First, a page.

Separation Anxiety

Separation Anxiety

This is a term that is overused but for the sake of a simple solution to what can be a complex problem, I will use that term. In another posting I will address what true separation anxiety is and is not.

Separation Anxiety can manifest itself in many forms: chewing, whining, barking, self-mutilation, howling and diarrhea. Most often this is the reason why dogs are surrendered to shelters. HOwever it is a much easier problem to correct than most realize. Indirectly, good formal obedience training will correct the separation anxiety, or at the very least, decrease the intensity and frequency. However, good training takes time and until you are able to get Rover into a training class, I suggest that you start implementing a complete multi-faceted program of rehabilitation.

First and foremost, get a crate in which Rover will feel comfortable. I always recommend an airline crate because if you find it necessary to go out of town by plane, you already have the correct crate for your trip. Start feeding Rover in the crate as it will help him adjust and learn to like the crate much better than he does now. Keep his bones and toys in the carte as well. Set it up to become his bedroom.

Make sure that your dog is on a premium diet. Foods that are high in sugars or undigestible ingredients such as corn. The money that you spend on a premium dog food will be offset by the savings in veterinary bills and destroyed items in your home.

Another key component is exercise. Different dogs needs different types of exercise. You don’t want to take your dog running his first time out for five miles. Just like you have to build your endurance, so does he. Start out slowly, If you have a young puppy, under 10 months, you may want to consider only running him on grass so that the impact is more absorbed and less difficult on his joints.

Running is one form of exercise but so is obedience training or trick training. When you train your dog to do things, you are challenging them mentally, physically and emotionally. Dogs need those three things to become balanced and happy dogs. Mental stimulation is an integral part to any dogs life. They need to be challenged, otherwise they can become restless and bored. I remind owners that it is similar to being out of work for a week sick, you start to go a little stir crazy and look forward to the mental and social stimulation at work. Physical exercise and stimulation teaches them to use their body, builds confidence and helps them to relax thereby decreasing the chances of separation anxiety.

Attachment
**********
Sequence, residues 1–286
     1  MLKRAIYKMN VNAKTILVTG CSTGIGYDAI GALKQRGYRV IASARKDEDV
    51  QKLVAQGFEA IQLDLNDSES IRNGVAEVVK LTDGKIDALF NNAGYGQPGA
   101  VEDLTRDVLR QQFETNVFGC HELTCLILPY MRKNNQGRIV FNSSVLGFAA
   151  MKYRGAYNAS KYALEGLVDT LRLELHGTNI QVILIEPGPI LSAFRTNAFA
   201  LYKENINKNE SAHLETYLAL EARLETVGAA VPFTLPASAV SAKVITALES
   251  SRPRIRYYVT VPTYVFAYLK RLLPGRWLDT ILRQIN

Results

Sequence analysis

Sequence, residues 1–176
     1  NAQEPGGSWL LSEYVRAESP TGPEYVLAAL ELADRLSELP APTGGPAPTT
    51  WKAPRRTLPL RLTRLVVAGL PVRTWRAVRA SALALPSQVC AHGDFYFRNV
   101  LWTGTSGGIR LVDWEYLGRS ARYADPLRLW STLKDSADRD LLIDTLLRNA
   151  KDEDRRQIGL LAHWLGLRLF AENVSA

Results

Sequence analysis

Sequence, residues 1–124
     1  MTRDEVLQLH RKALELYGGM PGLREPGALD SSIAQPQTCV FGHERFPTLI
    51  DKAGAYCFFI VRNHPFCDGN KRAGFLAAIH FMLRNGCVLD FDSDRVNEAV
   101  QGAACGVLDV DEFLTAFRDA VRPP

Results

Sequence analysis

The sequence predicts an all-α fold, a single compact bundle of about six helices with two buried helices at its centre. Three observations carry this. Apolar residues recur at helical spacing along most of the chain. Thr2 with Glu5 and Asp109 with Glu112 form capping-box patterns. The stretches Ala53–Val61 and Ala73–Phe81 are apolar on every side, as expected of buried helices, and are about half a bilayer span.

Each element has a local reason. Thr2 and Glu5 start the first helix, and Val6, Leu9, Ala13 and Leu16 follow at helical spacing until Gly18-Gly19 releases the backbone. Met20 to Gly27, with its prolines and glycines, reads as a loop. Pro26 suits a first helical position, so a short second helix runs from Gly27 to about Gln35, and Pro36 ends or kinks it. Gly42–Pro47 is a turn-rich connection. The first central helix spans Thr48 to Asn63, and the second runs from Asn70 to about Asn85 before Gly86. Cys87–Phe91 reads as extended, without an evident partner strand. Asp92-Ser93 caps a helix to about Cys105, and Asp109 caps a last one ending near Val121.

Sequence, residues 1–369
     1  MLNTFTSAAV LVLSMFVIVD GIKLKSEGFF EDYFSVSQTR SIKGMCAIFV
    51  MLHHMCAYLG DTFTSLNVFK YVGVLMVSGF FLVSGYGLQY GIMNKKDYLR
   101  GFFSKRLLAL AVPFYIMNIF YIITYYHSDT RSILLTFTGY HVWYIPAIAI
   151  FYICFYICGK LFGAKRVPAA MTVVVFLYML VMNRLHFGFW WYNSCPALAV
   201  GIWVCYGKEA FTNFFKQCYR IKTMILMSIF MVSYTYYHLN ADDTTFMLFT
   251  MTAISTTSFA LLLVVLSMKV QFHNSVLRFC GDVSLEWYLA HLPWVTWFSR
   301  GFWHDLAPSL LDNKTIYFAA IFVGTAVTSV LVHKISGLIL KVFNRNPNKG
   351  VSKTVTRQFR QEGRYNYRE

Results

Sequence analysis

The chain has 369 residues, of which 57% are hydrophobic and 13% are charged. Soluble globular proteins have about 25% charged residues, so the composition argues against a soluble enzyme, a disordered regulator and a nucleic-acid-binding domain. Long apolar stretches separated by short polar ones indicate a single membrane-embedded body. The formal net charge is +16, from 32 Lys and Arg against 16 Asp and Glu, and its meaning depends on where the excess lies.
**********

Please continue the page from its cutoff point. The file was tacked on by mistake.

The mental and physical stimulation helps balance their emotional well-being because they are becoming more confident, understand you and their surrounding world more easily. They enjoy the challenge of learning while decrease the frustration level they may have from being bored and not having any type of interaction or challenging work.

Teaching your dog tricks are a great way to exercise your them. A nice fast paced walk before you leave them alone can be very effective. Purchase a back pack and weigh it down with water bottles. Take them for a brisk walk in the heel position which requires more “work” than a walk where they can stop and sniff everything. Ask any soldier and they will tell you, marching in sync with your fellow soldiers creates unity, structure, exercise and is actually mentally and physically challenging, despite how “easy” it may look. By forcing your dog to “march in sync” with you, you are also challenging them in the same ways.

If your dog is suffering when you leave for the day, make sure that they are safely confined in their crate. I recommend exercising them throughly before you leave. It could be a strict formal heel exercise for about 30-45 minutes, a session of teaching or practicing all sorts of tricks or even practicing obedience skills. Another great energy burner is what I call puppy pushups. A rapid succession of the sit and down exercises back to back.

You can also play fetch with a huck toy or get them a game cube that they can push around until the kibble comes out while they are in the kennel. Another great option is a good bone that they like to chew to keep them amused.

REscue Remedy which can be found at any health food store is also a practical and safe supplement to add to their drinking water or put a drop on their tongue before you leave. It soothes and calms them. Lavender oil can also be massaged on the inside of their ears to help relax them when they are left alone.

Any complete rehabilitation program is effective. The key is consistency and that program must include: training, exercise, proper nutrition, play time and even supplements such as flower remedies. Be patient, this is not a problem that developed overnight and it will take even longer to rectify the problem

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